Review Summary: A stronger emphasis on structure is an improvement, yet still the same over the top Rings of Saturn we know.5 of 7 thought this review was well written
Attempt to be as technical and brutal as possible.
This seems to be the major focus of technical deathcore band Rings of Saturn. Whilst there is a stronger focus on song writing than on their debut, what you’ll find upon listening to their sophomore effort “Dingir” (pronounced deenjeer) is sweeps and tapping en masse coupled with breakdowns galore and inhuman drumming. There is no doubt that each band member is beyond proficient with their respective instruments (excluding the rather weak vocal performance), showing incredible skills in terms of technicality. Whilst it does succeed in assaulting your senses with a barrage of extreme metal, the structure and integrity of the songs suffer as a result. Unfortunately this is exacerbated by sub-par production values that do the album no favours.
Upon the release of their debut, Rings of Saturn gathered somewhat of a cult following. Many fans praised their technical prowess and unrelenting brutality, yet many criticised them for having a lack of direction and substance to the songs as compositions. “Dingir” sees Rings of Saturn attempt to combat those criticisms by placing more emphasis on song writing and not just a plethora of sweeps, blast beats, taps, breakdowns etc. This is evident, yet the improvement is still not enough to avoid the grating and repetitive nature of listening to multiple songs in one sitting. It still feels over the top and self indulgent, yet on a lesser scale than “Embryonic Anomaly”. As can be expected when the guitars are as they are on “Dingir”, the drumming is fast and brutal utilising copious amounts of blast beats and double bass. Whilst it initially may sound very impressive, further listening reveals the lack of originality or experimentation with drummer Ian Baker virtually never expanding past the standard technical death metal drumming style.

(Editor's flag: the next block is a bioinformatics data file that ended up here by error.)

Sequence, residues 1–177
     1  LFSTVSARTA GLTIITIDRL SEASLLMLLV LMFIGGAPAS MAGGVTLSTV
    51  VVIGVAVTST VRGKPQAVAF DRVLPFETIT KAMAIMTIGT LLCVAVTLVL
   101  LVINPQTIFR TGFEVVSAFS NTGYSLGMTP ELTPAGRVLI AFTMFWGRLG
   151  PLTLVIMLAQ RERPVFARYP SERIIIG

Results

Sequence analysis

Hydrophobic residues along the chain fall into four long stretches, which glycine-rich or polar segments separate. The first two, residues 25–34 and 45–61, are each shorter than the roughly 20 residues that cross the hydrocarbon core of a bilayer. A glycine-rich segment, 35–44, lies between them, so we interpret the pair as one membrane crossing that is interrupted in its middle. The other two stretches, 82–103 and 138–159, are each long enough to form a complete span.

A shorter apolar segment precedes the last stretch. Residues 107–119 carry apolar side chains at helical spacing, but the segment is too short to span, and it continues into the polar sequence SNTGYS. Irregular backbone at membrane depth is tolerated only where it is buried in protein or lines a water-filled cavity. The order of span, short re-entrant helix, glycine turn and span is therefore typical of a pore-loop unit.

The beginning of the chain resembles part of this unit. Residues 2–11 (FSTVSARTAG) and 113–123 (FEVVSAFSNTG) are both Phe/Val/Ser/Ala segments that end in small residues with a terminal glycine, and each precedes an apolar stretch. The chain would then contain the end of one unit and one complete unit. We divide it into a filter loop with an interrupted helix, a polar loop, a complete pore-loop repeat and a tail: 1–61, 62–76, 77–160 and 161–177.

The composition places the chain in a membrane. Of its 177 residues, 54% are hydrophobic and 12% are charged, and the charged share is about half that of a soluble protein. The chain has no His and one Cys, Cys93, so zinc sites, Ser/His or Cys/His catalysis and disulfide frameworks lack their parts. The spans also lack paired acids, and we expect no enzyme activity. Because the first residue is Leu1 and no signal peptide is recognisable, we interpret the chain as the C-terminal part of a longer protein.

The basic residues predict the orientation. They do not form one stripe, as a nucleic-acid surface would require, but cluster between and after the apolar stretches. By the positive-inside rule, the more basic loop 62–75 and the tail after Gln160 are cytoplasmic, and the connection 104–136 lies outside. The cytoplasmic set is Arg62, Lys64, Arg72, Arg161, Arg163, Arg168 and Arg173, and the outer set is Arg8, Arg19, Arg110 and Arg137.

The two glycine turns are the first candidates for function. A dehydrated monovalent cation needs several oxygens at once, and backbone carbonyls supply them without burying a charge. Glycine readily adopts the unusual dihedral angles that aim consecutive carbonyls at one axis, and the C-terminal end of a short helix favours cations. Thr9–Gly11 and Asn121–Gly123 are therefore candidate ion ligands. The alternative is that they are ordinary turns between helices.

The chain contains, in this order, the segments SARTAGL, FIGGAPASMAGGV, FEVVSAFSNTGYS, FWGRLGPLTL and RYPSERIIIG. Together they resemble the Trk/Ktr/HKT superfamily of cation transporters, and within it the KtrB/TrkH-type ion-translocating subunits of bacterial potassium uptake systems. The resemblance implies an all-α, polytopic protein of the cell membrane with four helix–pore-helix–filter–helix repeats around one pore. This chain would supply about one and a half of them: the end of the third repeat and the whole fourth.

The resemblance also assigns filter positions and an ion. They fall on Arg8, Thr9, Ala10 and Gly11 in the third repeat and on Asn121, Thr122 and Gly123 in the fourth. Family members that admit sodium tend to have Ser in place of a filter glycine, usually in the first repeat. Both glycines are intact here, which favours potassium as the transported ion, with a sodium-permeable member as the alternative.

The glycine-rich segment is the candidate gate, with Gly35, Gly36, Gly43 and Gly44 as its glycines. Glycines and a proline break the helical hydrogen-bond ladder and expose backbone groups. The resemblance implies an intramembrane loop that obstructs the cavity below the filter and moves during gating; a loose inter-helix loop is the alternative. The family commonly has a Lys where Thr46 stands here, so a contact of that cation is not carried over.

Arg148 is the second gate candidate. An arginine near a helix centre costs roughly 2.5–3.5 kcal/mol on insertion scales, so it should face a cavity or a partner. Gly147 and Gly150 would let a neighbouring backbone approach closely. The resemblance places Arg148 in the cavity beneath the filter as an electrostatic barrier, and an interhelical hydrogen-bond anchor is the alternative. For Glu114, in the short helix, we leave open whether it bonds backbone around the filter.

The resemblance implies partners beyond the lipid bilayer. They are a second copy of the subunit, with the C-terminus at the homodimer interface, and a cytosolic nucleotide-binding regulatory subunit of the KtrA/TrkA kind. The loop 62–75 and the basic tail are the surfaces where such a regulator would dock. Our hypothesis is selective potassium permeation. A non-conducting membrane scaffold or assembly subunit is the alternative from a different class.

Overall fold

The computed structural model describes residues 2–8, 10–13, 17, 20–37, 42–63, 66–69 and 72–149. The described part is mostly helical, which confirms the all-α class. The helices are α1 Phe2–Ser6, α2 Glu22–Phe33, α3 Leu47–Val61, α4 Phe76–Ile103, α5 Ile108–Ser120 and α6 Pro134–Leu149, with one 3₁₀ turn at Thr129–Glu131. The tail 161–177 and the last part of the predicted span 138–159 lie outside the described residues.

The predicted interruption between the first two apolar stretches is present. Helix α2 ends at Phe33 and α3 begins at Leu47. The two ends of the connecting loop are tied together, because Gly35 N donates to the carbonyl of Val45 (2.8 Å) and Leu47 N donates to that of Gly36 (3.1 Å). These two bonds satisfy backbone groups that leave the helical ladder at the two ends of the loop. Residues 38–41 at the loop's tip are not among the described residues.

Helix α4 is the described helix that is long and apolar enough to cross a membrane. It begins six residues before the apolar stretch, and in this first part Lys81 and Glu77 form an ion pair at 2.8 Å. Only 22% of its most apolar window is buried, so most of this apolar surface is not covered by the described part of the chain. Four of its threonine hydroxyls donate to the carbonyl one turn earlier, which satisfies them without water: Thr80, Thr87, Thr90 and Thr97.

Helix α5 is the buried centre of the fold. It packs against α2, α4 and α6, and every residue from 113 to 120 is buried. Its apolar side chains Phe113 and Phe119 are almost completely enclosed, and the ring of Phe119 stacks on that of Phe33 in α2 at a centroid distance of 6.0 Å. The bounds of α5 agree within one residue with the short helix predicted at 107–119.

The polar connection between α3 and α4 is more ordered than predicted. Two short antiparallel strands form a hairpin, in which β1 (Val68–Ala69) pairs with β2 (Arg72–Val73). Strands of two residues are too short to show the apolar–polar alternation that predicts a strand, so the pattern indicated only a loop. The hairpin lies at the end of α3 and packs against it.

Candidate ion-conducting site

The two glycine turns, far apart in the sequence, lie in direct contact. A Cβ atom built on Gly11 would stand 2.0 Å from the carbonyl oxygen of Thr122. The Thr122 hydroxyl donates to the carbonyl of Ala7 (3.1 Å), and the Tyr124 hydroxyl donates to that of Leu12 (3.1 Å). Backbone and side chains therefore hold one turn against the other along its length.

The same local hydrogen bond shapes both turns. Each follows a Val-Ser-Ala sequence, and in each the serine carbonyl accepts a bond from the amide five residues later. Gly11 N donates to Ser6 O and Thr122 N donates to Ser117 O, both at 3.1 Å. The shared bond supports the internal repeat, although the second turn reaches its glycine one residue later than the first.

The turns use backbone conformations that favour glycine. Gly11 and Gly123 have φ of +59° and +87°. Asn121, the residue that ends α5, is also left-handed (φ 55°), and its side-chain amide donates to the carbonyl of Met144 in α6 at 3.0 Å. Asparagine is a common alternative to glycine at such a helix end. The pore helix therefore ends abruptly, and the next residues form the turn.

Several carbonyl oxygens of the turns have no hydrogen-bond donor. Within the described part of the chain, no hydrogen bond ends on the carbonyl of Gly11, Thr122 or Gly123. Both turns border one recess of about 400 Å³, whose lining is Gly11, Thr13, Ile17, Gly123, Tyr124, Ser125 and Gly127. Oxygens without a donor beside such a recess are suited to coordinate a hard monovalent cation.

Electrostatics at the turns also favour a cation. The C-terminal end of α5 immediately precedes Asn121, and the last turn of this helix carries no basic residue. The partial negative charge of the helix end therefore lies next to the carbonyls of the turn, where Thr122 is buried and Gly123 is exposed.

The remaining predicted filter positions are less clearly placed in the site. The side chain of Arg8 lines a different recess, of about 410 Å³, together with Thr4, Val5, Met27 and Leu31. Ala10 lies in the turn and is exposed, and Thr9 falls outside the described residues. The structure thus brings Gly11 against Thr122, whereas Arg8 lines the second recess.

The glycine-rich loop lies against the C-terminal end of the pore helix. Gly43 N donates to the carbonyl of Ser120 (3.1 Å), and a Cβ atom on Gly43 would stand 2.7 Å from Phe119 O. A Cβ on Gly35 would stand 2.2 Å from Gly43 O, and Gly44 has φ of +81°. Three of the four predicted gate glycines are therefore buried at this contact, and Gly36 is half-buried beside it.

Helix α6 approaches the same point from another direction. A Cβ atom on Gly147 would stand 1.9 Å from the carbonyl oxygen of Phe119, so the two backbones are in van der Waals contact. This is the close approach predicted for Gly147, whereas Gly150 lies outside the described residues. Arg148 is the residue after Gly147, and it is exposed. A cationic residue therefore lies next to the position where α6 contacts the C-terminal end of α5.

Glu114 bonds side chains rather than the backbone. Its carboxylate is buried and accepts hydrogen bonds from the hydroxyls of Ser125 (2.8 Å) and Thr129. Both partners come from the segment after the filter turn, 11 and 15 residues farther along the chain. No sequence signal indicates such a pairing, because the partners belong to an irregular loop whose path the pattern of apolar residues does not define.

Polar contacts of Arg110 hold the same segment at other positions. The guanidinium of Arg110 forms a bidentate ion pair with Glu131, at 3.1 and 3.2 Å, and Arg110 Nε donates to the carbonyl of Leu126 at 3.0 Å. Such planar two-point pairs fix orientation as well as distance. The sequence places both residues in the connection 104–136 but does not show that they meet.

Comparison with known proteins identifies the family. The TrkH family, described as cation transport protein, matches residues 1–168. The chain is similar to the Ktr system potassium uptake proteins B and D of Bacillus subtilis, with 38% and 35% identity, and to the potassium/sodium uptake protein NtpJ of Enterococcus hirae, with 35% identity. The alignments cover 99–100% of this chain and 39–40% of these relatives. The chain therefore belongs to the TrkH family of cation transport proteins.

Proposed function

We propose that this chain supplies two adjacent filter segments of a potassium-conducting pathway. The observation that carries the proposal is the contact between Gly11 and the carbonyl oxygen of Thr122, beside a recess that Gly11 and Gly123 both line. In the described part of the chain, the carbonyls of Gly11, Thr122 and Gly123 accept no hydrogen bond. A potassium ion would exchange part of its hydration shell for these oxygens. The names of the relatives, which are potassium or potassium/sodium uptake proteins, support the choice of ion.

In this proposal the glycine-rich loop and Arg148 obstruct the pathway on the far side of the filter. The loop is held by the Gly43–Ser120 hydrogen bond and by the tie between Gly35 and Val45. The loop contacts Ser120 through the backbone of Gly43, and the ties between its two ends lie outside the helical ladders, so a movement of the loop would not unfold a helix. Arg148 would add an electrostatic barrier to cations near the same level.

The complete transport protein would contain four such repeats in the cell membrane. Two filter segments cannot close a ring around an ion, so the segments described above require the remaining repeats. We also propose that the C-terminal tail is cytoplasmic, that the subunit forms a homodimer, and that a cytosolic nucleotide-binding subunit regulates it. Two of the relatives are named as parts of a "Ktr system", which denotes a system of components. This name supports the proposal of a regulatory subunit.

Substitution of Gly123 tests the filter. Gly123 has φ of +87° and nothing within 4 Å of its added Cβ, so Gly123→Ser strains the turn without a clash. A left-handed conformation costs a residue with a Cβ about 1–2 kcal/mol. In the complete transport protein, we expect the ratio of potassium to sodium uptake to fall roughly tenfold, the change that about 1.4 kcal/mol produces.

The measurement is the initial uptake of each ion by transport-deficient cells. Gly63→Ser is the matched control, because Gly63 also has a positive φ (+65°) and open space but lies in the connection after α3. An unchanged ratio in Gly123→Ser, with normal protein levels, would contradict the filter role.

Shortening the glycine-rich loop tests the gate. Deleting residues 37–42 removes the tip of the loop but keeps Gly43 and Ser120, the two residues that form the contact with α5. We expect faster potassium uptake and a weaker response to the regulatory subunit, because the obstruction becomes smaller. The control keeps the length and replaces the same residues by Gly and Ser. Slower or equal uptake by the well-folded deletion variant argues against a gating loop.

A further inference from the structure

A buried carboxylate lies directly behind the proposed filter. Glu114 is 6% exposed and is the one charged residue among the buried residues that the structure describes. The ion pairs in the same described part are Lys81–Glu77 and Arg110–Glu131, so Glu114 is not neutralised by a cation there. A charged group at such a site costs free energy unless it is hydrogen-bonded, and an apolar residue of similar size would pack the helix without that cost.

A major complaint many people have of this record is the production. Whilst most death metal thrives with a solid, deep and powerful sound to instruments, “Dingir” suffers from very thin and fake sounding production values. The guitars have a plasticy crunch when the lower end strings are employed which prevent the strong powerful sound guitar tones on albums such as “None So Vile”. The production on the drums also leaves a lot to be desired with the overbearing double bass and overall loudness of the kit. Many accusations have been thrown that Rings of Saturn program their drums, and whilst this isn’t true, it goes to show just how un-organic and overworked they sound.
There are certainly improvements, with the occasional riff and well placed breakdown getting my head banging on occasions. Songs such as the title track contain a decent riff or two, and “Objective to Harvest” has a very well placed and crushing breakdown. Despite all the aforementioned problems with the drums, they still do an excellent job of keeping pace and provide good support to some of the album’s better moments (yet become grating when listening to more than a few songs). The band certainly has potential yet lacks a strong songwriter at the helm.
Vocalist Ian Bearer is another liability. His lows lack power and volume with the generic deathcore lows akin to that of Alex Koehler (Chelsea Grin) and Adam Warren (Oceano). They sound as if projected from the throat rather than the diaphragm, resulting in Bearer’s “growls” coming across as thin as the production on the guitars and drums. His highs are a notable improvement and are used to good effect in places, yet lows are the staple of death metal; with a lacklustre vocal performance being the result.
Overall “Dingir” is an album that suffers from sub-par production values as much as song writing. Deeper and more traditional death metal production values would have greatly benefited the album. The stronger focus on song writing in comparison to their debut is a plus, and hopefully a similar improvement in structure will be found on their next release. The talent is there, and with a stronger song writing and better production, Rings of Saturn have potential to release legitimately decent technical death metal material.
• Technical prowess
• Some nice breakdowns and riffs on occasion
• Stronger songwriting focus (yet still leaves much to desire)
• Over indulgence of said prowess
• Sub par vocals
• What bass?
• Grating when listening to multiple songs in one go